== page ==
LOWELL — Former state Rep. David Nangle, who pleaded guilty to 23 federal fraud charges in February, will be sentenced in September instead of later this month.
Nangle was originally scheduled to be sentenced the afternoon of June 24, but according to U.S. District Court docket information, his hearing with Judge Rya W. Zobel has been moved to Sept. 15 at 2 p.m.
Nangle’s case has been subject to numerous delays and rescheduling.
Court docket information provides no reason for the sentencing rescheduling, but it may be due to a backlog of cases that all courts are experiencing due to the pandemic. Nangle’s court date is listed as a remote hearing, but that may change due to the rollback of coronavirus restrictions.
Nangle, who served as state representative for the 17th Middlesex District for 11 terms until he was unseated by Vanna Howard in last year’s Democratic primary, was initially indicted in February 2020 on 28 federal corruption charges.
On Feb. 24 this year, he pleaded guilty to 10 counts of wire fraud, four counts of bank fraud, four counts of making false statements to a bank and five counts of filing false tax returns. His original charges included an additional five counts of making false statements to a bank, but the charges were consolidated as part of a plea agreement.
According to the superseding information filed along with the plea deal, Nangle was heavily in debt and had poor credit and cash flow problems due to extensive gambling at various casinos around New England and online, incurring tens of thousands of dollars of debt and losses. To sustain his activities and keep himself afloat, he illicitly used campaign funds to pay for personal expenses, defrauded a bank lender through multiple mortgage and home equity lines of credit secured through materially false loan applications and collected income he did not report to the Internal Revenue Service.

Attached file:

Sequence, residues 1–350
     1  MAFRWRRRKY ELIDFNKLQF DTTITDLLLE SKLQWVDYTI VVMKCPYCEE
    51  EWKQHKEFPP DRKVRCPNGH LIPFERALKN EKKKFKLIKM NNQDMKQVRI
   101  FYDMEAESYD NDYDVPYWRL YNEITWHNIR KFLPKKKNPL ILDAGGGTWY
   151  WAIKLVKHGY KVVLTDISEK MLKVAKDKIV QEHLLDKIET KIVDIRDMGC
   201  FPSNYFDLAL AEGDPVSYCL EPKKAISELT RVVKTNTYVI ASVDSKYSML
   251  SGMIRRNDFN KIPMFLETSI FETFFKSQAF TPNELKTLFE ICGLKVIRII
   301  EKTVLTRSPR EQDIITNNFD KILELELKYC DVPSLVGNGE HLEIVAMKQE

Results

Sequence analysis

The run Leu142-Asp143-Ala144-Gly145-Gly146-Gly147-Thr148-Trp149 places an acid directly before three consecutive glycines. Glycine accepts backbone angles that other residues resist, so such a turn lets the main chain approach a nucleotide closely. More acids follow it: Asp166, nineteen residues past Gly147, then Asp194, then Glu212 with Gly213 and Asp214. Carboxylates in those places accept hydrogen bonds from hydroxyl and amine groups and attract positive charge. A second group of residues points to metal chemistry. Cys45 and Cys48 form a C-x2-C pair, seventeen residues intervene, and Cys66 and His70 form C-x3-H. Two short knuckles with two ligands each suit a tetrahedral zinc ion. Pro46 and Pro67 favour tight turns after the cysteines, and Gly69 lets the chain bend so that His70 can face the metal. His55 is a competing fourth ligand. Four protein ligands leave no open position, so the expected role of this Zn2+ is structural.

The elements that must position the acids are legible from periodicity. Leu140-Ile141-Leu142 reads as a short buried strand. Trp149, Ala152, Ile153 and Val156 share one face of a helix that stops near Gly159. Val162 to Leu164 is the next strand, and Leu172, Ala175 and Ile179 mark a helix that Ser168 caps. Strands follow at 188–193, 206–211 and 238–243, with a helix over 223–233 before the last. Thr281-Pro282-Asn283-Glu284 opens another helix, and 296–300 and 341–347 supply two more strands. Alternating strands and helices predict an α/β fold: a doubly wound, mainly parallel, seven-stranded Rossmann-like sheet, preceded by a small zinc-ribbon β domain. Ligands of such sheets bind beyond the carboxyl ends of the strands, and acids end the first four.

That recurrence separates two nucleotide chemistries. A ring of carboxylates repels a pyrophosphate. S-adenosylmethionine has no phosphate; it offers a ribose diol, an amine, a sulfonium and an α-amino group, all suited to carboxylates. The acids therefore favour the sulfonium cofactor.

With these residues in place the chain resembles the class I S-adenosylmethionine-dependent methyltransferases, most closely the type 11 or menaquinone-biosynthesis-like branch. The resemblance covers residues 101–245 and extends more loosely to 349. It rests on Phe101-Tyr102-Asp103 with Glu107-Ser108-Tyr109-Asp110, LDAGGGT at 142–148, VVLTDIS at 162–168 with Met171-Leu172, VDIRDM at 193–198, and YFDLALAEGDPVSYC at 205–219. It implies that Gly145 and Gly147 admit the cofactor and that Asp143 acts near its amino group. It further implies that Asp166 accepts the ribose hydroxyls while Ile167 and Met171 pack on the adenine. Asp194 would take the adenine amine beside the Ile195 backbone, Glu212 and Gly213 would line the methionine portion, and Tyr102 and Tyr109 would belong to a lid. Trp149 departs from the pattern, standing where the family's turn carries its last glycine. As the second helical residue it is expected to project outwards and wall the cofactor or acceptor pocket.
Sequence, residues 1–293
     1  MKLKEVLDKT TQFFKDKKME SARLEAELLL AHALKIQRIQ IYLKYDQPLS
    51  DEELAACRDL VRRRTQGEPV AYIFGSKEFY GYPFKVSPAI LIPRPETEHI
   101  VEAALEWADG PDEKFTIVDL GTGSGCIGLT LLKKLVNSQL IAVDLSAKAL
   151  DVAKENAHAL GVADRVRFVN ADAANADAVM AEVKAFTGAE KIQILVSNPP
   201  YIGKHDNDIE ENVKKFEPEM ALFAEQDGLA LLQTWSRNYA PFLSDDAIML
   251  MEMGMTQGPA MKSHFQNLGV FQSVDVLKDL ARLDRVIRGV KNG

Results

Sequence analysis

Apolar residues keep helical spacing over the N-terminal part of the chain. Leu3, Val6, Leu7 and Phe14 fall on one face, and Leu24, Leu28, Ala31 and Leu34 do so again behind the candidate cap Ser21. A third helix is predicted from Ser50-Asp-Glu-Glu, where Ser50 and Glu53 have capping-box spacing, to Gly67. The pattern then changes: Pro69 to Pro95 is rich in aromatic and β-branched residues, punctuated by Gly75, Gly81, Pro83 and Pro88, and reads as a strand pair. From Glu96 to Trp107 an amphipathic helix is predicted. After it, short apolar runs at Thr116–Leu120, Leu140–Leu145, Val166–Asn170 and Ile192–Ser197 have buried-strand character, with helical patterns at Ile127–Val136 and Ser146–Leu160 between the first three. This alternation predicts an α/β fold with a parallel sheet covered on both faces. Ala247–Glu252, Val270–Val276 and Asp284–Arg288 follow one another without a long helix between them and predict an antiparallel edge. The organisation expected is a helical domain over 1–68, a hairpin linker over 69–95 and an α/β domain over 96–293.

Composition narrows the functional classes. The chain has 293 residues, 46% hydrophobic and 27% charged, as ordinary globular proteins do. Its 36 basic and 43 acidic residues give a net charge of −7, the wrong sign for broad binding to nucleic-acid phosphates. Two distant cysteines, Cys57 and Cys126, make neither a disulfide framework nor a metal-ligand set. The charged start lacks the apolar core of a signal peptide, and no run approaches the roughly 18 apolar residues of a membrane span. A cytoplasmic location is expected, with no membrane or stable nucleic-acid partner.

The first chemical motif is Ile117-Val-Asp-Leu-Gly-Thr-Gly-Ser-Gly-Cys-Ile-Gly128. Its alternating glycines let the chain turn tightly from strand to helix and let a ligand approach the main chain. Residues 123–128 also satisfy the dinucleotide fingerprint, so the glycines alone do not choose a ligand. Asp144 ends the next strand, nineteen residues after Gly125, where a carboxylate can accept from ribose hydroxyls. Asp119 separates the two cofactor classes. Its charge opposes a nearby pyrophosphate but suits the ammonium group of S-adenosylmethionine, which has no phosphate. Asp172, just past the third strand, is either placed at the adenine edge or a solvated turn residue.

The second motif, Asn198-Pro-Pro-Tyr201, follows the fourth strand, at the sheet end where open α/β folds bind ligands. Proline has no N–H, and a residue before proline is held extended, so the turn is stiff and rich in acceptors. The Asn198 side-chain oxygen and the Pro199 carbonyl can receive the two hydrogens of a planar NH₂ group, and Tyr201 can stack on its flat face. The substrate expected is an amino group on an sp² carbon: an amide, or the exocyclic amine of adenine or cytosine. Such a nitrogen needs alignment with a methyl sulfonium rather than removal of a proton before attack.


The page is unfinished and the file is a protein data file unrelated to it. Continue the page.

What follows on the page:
Nangle misled his staff and treasurer and concealed his theft of campaign funds by filing false campaign finance reports. He also embezzled money by issuing checks to a straw vendor, a friend of a relative who directed the vendor to cash the checks and give the money to Nangle.
Nangle borrowed around $113,000 from associates who own local restaurants between 2011 and 2018, the bulk of it coming from a relative who owns a restaurant and catering business in Dracut. None of the associates are named in court documents, but Nangle’s cousin, Mike Lenzi, owns Lenzi’s in Dracut.
Nangle also had questionable relationships with other area businesses, including a Billerica facilities maintenance company that paid him a total of $27,000 for purported “consulting” services not actually rendered — which he used as a down payment on a new home in Lowell — and a Tyngsboro contractor that provided several thousands of dollars in goods, services and a “loan” in exchange for being awarded lucrative bids for construction projects for which Nangle secured state funding.
Under the plea deal, Nangle agreed not to challenge his conviction, any prison sentence of 30 months or less and any court orders related to forfeiture, restitution, fines or supervised release, on direct appeal or in any other proceeding, including a separate civil lawsuit. He is also subject to forfeiture of assets obtained as a result of the offenses, except for his current home in Lowell.
In the deal, the U.S. Attorney’s office agreed not to charge Nangle with obstruction of justice, or extortion or obtaining property under color of official right, related to a “stream of benefits” from a Billerica company owner to Nangle. Any breach of the agreement by Nangle could allow the U.S. Attorney to pursue further charges.
Each count of wire fraud carries a maximum penalty of up to 20 years in prison, three years of supervised release and a fine of up to $250,000. The bank fraud and making false statements to a bank charges each carry a sentence of up to 30 years in prison, five years of supervised release and a fine of $1 million. The false tax returns charges carry a sentence of up to three years in prison, one year of supervised release and a fine of up to $100,000.